How to Clear Your Name After Your Debt Is Paid

Is all your debt paid off? Congratulations!

Now, how do you go about clearing your name and credit record? What are the legalities involved? How does this impact your credit and ability to borrow?

  • There are two ways to get back into the NCR’s (National Credit Regulator’s) good books: removing negative information from credit bureau reports and rebuilding your credit score.
  • There is an array of legislation governing clearing your name and credit record.
  • There are positive and negative effects on your credit score.

Still perplexed? Read on for more in-depth explanations of these answers.

How To Clear Your Name and Credit Record After Debt Clearance

So, you’ve completed debt review and debt clearance certification. What now?

According to the National Credit Act 34 of 2005, you have to wait one year for paid-up debt and two years for debt review credit to be amended, as reported in section 71 (4). There is good news: the smaller the debt, the smaller the waiting time.

How To Dispute Your Credit

Section 29 (1) of the CPA gives you the right to access your credit report and request corrections. Here’s how.

  1. Request your credit report from a trusted credit reporter, like TransUnion, Experian, Compuscan, and XDS.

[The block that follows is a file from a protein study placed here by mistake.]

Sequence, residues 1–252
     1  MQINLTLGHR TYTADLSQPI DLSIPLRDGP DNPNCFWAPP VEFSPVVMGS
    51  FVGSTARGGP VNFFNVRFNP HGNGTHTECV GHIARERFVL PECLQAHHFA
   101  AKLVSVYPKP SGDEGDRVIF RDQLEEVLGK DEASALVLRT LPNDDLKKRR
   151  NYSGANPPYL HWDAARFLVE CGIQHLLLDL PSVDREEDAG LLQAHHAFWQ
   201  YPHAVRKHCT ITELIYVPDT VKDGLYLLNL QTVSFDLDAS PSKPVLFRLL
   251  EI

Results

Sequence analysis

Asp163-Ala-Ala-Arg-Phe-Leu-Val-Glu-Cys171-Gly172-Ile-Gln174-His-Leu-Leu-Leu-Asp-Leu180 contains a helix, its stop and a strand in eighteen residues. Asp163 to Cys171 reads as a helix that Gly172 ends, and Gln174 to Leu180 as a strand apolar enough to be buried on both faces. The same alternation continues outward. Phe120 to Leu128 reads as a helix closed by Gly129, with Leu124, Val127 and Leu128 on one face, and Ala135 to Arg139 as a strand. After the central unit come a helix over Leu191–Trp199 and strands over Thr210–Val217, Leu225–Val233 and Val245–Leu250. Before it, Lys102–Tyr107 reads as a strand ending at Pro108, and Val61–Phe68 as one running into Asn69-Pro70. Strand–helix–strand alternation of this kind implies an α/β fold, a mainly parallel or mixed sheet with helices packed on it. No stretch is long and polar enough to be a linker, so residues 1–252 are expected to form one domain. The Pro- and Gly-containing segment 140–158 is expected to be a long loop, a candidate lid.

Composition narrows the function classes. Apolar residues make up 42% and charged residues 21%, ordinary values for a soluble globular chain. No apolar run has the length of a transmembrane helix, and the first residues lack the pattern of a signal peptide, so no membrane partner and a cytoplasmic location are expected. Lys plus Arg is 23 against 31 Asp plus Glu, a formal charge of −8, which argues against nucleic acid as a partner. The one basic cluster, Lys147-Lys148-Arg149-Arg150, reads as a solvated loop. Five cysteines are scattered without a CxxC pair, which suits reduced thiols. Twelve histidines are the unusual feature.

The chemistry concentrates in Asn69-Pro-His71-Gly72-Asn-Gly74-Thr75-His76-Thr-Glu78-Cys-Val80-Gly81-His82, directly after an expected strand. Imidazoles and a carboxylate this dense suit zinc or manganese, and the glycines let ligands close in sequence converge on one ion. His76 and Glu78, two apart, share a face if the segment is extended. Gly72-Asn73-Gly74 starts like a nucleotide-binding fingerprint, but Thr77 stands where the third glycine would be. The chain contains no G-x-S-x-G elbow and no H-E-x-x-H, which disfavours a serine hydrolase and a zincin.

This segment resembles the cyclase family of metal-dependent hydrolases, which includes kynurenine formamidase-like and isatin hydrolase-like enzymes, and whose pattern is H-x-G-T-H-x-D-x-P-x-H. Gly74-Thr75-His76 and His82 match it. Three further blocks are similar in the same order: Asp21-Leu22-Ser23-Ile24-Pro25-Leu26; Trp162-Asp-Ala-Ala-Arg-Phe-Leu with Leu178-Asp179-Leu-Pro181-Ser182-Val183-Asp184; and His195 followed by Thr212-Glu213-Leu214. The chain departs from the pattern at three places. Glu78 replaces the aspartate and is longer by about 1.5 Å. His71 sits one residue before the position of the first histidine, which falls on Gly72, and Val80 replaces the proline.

2. Identify the information you would like to dispute. Don’t forget to gather supporting documentation for your rebuttal.
Information You Might Want To Dispute
  • Default listings– these appear on your credit report after failing to pay back a bank or store and not responding to demand letters. This can remain on your profile for two years.
  • Civil court judgement– a judgement granted by the court for the creditor after they have formally requested unpaid debt.
  • Administration order– this is usually submitted by you, the consumer, to avoid legal action from creditors.
  • Debt review– this will stay on your profile until a debt clearance certificate has been issued.

Contact the credit bureau to begin the dispute. Don’t forget to provide your contact information so they can stay in touch during the dispute. They can take up to twenty days to resolve the dispute or inquiry. If not resolved, you can contact Credit Ombudsman for help.

How To Rebuild Your Credit Score

Rebuilding your credit score can seem like a mountainous task, but it isn’t as daunting as it feels. Here are a few steps you can take to rebuild your credit score.

  1. Pay on time. Whether you pay on time has a significant effect on your credit record. Consider setting up a debit order to reduce late payments–even being a few days late can influence your credit record.
  2. Reduce what you owe. Try to pay off the listings on your credit record according to importance; the debt with the highest interest rates first.
  3. Don’t apply for more credit, especially revolving credit (credit cards).
  4. Regularly check your credit report. This helps to recognise any disputes you may need to resolve.

Clear your name after your debt is paid.

Trust Cape Town Legal Consultants

Let us help you dispute your credit record, give you financial advice, and be on your side in the world of finance. Don’t hesitate to get in touch if you have any further questions regarding the information in this article.